Incoming Iraqi Leader Optimistic on Unity Government

Iraq's Prime Minister-designate Nouri al-Maliki says he has overcome most of the obstacles to the formation of a national unity government. Al-Maliki says he expects to announce his Cabinet by the end of the week.

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ROBERT SIEGEL, Host:

From NPR News, this is ALL THINGS CONSIDERED. I'm Robert Siegel.

MICHELE NORRIS, Host:

And I'm Michele Norris.

And we're going to spend this part of the show in Iraq, where violence, political stalemates and the threat of outright civil war are all daily concerns.

Today, a suicide bomb attack killed at least 17 people and wounded 35 in the northwestern Iraqi town of Tal Afar. In just a few minutes, we'll hear about how some Iraqis are changing their names to try to avoid the sectarian violence that plagues their country. First, the latest political developments.

SIEGEL: Iraqi Prime Minster designate Nouri al-Maliki has missed his self- imposed deadline for forming a new government, but he says the talks will be finished well before the constitutional deadline, which is May 22nd.

NPR's Peter Kenyon has that story from Baghdad.

PETER KENYON: In creating a May 9th deadline for the new cabinet less than two and a half weeks after being given the task, Maliki was setting a decisive tone, hoping to dispel some of the anxiety that built during the months of stalemate following December's election. Insurgent attacks and sectarian bloodshed soared, especially after a major Shiite mosque was bombed in February. Today, Maliki said the work of forming the government was largely completed.

NOURI AL: (Through translator) I don't want to give names because I want them to be submitted together so that the entire cabinet can be finalized. I hope that the end of this week will see the forwarding of names to the Parliament for their ratification.

KENYON: Iraqi politicians say they expect the Shiite majority to keep the bulk of the positions, including the key post of Interior Minister. The Sunni minority looks to keep the defense ministry, although Maliki said there was an agreement that neither security position should be in the hands of a party that controls a militia.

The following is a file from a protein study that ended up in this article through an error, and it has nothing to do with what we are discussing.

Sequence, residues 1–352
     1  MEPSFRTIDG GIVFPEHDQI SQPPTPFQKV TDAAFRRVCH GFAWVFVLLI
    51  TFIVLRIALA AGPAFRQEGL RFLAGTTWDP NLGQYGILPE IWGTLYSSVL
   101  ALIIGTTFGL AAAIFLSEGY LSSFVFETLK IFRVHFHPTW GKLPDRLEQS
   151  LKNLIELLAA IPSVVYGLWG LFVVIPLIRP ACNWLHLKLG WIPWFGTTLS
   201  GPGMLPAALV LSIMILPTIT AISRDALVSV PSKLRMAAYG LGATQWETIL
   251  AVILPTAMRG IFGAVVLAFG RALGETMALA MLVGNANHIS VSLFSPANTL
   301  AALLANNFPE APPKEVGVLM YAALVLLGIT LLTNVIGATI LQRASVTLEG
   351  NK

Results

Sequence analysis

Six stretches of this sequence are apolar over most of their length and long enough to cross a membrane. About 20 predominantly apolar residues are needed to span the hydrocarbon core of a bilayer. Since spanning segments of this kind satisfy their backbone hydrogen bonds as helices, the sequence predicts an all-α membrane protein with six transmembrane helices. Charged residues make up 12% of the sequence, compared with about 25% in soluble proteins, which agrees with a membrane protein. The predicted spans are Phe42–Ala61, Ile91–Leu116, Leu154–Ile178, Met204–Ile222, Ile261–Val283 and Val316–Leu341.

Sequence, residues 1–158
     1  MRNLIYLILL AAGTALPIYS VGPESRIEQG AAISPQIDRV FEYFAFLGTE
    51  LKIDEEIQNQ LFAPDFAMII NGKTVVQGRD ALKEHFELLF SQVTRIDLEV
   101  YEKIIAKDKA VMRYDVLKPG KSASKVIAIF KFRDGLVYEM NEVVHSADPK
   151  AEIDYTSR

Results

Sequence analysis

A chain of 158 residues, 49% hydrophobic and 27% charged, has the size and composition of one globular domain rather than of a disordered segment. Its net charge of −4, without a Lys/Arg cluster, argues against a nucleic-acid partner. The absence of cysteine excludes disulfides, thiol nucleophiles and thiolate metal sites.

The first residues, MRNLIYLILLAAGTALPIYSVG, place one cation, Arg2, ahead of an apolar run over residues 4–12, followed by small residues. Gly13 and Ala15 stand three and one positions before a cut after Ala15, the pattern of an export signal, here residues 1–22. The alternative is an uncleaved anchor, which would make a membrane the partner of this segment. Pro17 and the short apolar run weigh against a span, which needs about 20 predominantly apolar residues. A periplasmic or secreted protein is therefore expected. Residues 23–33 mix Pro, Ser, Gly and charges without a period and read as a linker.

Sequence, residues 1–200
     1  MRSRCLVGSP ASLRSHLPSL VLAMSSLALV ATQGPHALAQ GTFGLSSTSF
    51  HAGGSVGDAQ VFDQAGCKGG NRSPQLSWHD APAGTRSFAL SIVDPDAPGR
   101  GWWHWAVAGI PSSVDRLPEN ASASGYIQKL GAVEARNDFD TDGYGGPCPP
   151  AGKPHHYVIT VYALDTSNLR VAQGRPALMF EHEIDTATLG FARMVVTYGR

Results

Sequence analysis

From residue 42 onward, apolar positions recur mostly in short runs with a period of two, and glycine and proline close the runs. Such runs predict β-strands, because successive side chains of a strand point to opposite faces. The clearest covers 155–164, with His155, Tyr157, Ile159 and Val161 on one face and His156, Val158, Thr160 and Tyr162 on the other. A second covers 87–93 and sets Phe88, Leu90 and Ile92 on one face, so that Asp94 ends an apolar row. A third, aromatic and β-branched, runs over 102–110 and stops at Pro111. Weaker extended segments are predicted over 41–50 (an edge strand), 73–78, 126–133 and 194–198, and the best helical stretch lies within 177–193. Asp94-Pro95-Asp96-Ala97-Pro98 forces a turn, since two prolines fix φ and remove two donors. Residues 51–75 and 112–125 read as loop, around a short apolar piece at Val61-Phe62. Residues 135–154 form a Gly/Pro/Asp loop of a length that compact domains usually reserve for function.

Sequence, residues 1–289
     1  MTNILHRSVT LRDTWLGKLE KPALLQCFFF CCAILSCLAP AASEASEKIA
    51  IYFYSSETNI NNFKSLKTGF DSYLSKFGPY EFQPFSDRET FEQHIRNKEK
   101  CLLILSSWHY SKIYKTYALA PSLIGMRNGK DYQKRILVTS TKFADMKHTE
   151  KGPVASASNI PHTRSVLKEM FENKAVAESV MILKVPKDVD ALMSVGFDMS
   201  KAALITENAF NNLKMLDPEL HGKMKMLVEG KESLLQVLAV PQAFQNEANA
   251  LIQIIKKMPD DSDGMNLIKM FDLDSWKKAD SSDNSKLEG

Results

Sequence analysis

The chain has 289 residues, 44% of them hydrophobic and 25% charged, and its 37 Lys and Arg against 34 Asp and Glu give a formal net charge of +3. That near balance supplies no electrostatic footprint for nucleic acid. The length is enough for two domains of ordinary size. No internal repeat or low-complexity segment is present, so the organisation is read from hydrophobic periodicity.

Current Interior Minister Bayan Jabr has been linked to the Shiite Badr militia, though he denies Sunni allegations that ministry desk squads are terrorizing civilians. Over the weekend the government announced the arrest of a police general whose name was given as Abdul Haneen Mahmoud al-Fezel (ph), on suspicion of kidnapping and killing Iraqis. But Jabr insists this was an extortion operation done strictly for money, not for political reasons.

Maliki says in choosing the Interior and Defense Ministers, who will control large numbers of armed men, he'll keep in mind the standing political decree to disband all militias, a decree that officials say has not been enforced. But Maliki added that no candidate is barred from serving.

MALIKI: (Through translator) We have the histories and the resumes of the officers who are nominated for the ministries of defense and interior. I'll be meeting some of them soon. I have no red line against anyone because of his ethnic or political affiliations, because this will be the government of all Iraq and of all Iraqis.

KENYON: One Sunni politician, Salla al-Moutlok (ph), says interior, defense and other key positions are still being fought over. While Maliki consistently talks about an inclusive national unity government, Moutlok says his national dialogue front and former Prime Minister Ayad Allawi's (unintelligible) are not happy.

SALLA AL: (Through translator) If they want to isolate these two blocks or even just our Sunni block, let them go ahead and form their government. But if they want a real national unity government, I believe we have to reopen the talks on a whole new basis.

KENYON: As the politicians talk, the body count continues to rise. Besides the Tal Afar suicide bombing today, an Iraqi judge was shot and killed in West Baghdad and at least eight bodies were found, three of them decapitated and wearing Iraqi police uniforms.

Peter Kenyon, NPR News, Baghdad.

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